The Singularity

9 Sep

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You can break a thing, but you cannot always guide it afterward into the shape you want. ― Holly Black

Walmart.

I loathe Walmart.

Something in its essence captures the very heart of existential crisis.

Its cold. And cheap. And filled with everything in the world that lacks meaning. The nothingness that is imbued in every item in Walmart reflects the existential angst of life.

Even the people.

Have you ever seen a happy Walmart employee…seriously? Really now…be honest. The ones closest to the door are always the most well adjusted and then as you move into the cavernous warehouse of grey gloom, the people just seem bereft. Filled with a deadness of spirit that resemble poor souls post dementor (ala J. K. Rowling).

No present. No future. Nothing.

And the people who shop there, endlessly rolling their oversized carts aisle to aisle, each one relatively the same through endless aisle after aisle searching for something that is soon forgotten by the tenth lane. Their look says, “I came in here for …what?”

By the time you exit two hours later, $100 poorer with a cart full of meaninglessness without the primary object you were intent to secure in only five minutes, you swear. “I will never set foot into that depressive morass again. It’s a suicide den…How did Walmart become the singularity?”

But down on aisle five, on the way to the yoga mats, it caught me. A pillow…cream with brown stitching, in cursive writing.

Its little mouth sang among the other dorm room flowered matching puffs.

“Love You More”

I stopped. My face screwed up into a pained grimace. Tears were instant.

“Breathe”, I told myself. “This is what you practice for”.

Completely fine with list in hand of tasks on a beautifully hot September day, my life had been flitting right along.

Honestly, I’ve been surprisingly happy, light, full of purpose since late July. Not feeling so much loneliness. A pervasive sense of forward momentum has had me lighter, hopeful, confident. The new school year has been amazingly filled with change and for the better. Mindfulness and its practice is now my professional focus. I’ve restarted a program to provide yoga for the faculty. Every week, I write a uplifting email based on a quote from Fred Rogers for teachers which goes to four school systems. Message From Fred has given me purpose and a way to give back to my profession, to love people, to inspire them to love themselves.

August was filled with creating and organizing a proposal for an outdoor classroom. Now, its professional development book talks, mandala workshops. I get off Facebook at 7:30 and read every night. Books on spirituality, mindfulness, universal principles. Every day I wake up, something else appears in my head to change school into a place I want to be. From the physical environment, to the emotional dynamic, to the outdated curriculum, I’m moving forward toward some unidentified destination, confident that wherever it is I’m going I’m meant to arrive there.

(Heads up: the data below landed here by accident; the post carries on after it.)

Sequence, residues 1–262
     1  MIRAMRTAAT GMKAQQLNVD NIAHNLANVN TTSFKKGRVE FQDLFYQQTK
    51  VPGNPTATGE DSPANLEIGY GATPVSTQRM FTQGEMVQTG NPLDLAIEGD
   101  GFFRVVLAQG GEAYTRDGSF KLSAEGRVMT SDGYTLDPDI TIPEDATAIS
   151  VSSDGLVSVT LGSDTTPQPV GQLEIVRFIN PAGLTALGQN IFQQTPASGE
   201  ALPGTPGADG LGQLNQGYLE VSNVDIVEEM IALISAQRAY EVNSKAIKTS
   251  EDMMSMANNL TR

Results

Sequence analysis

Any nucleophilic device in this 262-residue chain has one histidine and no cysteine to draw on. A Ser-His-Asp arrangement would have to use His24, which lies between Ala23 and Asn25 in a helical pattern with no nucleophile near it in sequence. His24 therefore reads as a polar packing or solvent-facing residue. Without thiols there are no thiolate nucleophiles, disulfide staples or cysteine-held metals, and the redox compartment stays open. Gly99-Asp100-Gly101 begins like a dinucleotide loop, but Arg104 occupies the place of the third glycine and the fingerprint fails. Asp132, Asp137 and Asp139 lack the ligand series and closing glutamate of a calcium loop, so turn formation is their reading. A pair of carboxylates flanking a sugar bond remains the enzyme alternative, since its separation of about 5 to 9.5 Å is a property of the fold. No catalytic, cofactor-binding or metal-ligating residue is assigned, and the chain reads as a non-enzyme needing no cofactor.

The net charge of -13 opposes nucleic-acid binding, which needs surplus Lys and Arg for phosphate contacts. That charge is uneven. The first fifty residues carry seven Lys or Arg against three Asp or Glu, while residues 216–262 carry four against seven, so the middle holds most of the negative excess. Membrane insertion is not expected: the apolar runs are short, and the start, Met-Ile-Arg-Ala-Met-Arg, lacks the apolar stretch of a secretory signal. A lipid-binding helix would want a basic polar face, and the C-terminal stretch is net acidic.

The momentum has propelled me, until the Walmart pillow.

“Love You More”

Like a stop sign you see almost too late, that phrase brought me to a screeching halt. Tears the size of peas fell out of blankly staring eyes. I focused on at that pillow without picking it up. Its little tune rang of a time when I knew the conviction of how being in love felt down to my bones. I’ve since given up wondering if the original singer of that line ever meant it. Since July, I’ve been looking for a way to connect to my childish innocence again, but now the pillow slams my heart with another question: Can I ever be in love with anyone again? And if so, how will I know, because I don’t know how it is supposed to feel anymore. And that makes me strangely furiously numb.

Oh, I can love. Believe me. I feel love all the time. From my students, to my friends and family, to the dark snuggly dog at the back of my knees every night, I feel enormously loved. Patience, gratitude, the ability to give, all these things seem easier now. I love myself, as much an imperfect human can. When I see dandelion seeds floating in a swirl outside my classroom window or the flaming skies of the late summer sunrise. I do feel love. I pour forth love. Big Love. Love like a whale. Love like an ocean of stars in the cool blue expanse of a night sky.

But the pillow’s song of love? I can’t feel it.

For as much as I emote rather grandmotherly toward just about everything…It’s the predominance of that sort of love that scares the shit out of me. Desire has changed too, for there is this seeming impermeable block in the connection between passionate physical expression and the spiritual ecstasy and vulnerability I have felt before in my heart with such matters. Passion is different now. . . it stops at the door of my soul hot, breathless, and unsatisfied.

This thing…its got to be a scar, because a callous presupposes use. At first I thought I was broken, but I’m not. I’m whole. Healed. But maybe being mended and mended and amended at the same spot so much has the healing knitted into a thick white blue band densely woven by the effort of creating it.

And all platitudes aside about scars adding strength and character and the metaphors of the mending of Japanese bowls with gold, real scars are permanent people. Permanent.

Shit.

You may think I’m crazy but I’m going back to Walmart and buying that pillow. Right now. It’s the only place to start.

Wish me luck. If I’m not out in five minutes…send in a rescue.

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